Simon pointed out that what SAP brings to the table is not just a record of transactions of a respective company; they also are able to aggregate that company’s supply chain and customer expectations. They do this by providing an end-to-end digital platform that can seamlessly give their customers a great experience internally and also when it comes to the business’s customers and suppliers.
The current pandemic impacted SAP as well. However, according to him, they managed to revive and restart their operations effectively, which was to help support their customers through digitalisation. He explained that this was possible because the basic infrastructure as well as policies were already in place for them to operate remotely and today, all their local employees are operating remotely, with only basic IT support working at their core office.
“Due to our seamless business continuity, our support mechanisms are open for our customers 24/7.”
Simon stated that SAP continued to enable Sri Lankan businesses on their digital transformation journeys which has become the need of the hour owing to the pandemic. Midas Safety and JKH are two examples of customers who have successfully implemented and gone live on SAP’s solutions during this pandemic.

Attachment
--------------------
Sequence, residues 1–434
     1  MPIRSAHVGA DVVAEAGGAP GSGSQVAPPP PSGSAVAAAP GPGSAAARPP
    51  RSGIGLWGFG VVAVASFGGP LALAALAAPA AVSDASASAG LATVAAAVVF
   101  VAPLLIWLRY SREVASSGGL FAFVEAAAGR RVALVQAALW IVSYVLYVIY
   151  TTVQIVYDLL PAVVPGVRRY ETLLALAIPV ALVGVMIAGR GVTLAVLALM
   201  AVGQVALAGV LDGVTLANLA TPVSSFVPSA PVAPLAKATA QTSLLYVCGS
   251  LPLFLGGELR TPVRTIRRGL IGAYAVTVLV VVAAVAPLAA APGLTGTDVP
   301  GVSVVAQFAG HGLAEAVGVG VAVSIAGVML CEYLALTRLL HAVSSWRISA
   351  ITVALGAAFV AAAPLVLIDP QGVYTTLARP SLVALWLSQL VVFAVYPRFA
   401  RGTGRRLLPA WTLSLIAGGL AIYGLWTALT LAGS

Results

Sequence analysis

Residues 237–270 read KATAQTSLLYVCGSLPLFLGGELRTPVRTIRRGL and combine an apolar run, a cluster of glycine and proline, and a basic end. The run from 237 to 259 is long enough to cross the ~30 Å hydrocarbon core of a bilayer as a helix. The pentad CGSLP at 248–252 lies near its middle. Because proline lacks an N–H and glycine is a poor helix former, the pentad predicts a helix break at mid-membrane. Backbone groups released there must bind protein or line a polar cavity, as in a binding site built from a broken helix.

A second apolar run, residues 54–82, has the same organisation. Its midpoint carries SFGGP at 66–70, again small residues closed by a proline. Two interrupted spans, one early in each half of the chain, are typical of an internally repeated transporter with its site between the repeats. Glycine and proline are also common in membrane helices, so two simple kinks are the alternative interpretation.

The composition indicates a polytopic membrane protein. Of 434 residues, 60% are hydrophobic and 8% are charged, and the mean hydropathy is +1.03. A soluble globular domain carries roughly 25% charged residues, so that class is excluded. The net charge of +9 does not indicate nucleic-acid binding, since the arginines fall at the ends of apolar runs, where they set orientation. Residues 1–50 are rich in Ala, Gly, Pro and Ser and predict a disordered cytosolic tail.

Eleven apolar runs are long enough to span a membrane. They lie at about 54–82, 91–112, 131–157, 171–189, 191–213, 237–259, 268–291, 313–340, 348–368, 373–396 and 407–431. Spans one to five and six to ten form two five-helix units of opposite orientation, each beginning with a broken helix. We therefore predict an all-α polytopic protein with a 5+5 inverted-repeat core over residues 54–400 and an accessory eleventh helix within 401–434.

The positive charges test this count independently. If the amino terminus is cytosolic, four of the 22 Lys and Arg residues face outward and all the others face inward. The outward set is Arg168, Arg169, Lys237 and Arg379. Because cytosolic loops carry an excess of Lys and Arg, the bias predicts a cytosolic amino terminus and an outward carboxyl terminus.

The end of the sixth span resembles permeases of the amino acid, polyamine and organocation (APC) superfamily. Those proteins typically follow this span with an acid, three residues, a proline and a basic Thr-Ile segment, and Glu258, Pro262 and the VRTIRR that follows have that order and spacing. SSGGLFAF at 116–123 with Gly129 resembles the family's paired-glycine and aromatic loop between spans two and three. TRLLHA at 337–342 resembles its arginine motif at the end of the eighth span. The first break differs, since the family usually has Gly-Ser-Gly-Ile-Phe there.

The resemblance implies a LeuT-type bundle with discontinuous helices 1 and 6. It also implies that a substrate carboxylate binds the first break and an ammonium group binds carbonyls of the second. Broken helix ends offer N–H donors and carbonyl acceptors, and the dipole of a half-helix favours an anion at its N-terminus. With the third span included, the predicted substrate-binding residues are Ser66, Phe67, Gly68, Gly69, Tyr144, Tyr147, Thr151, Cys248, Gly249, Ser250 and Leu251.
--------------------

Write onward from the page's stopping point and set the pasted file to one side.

“We have continued to provide support services for customers on critical issues and their production servers. Whether it is in terms of upgrades they needed to do on specific timelines or ongoing projects, we managed to do them despite the pandemic.”
He explained that while it took them some time to adjust to the new normal of working from home, today they are fully equipped from a business continuity perspective to support their customers and partners.
However, while the company had all the infrastructure and policies in place to support this new work model, they faced challenges when it came to job roles which required more face-to-face interaction, such as sales which, in a digital sense, required getting used to.
Simon also stated that certain project deliveries did get delayed due to people working at different locations, and it took them some time to adjust and work towards a common objective.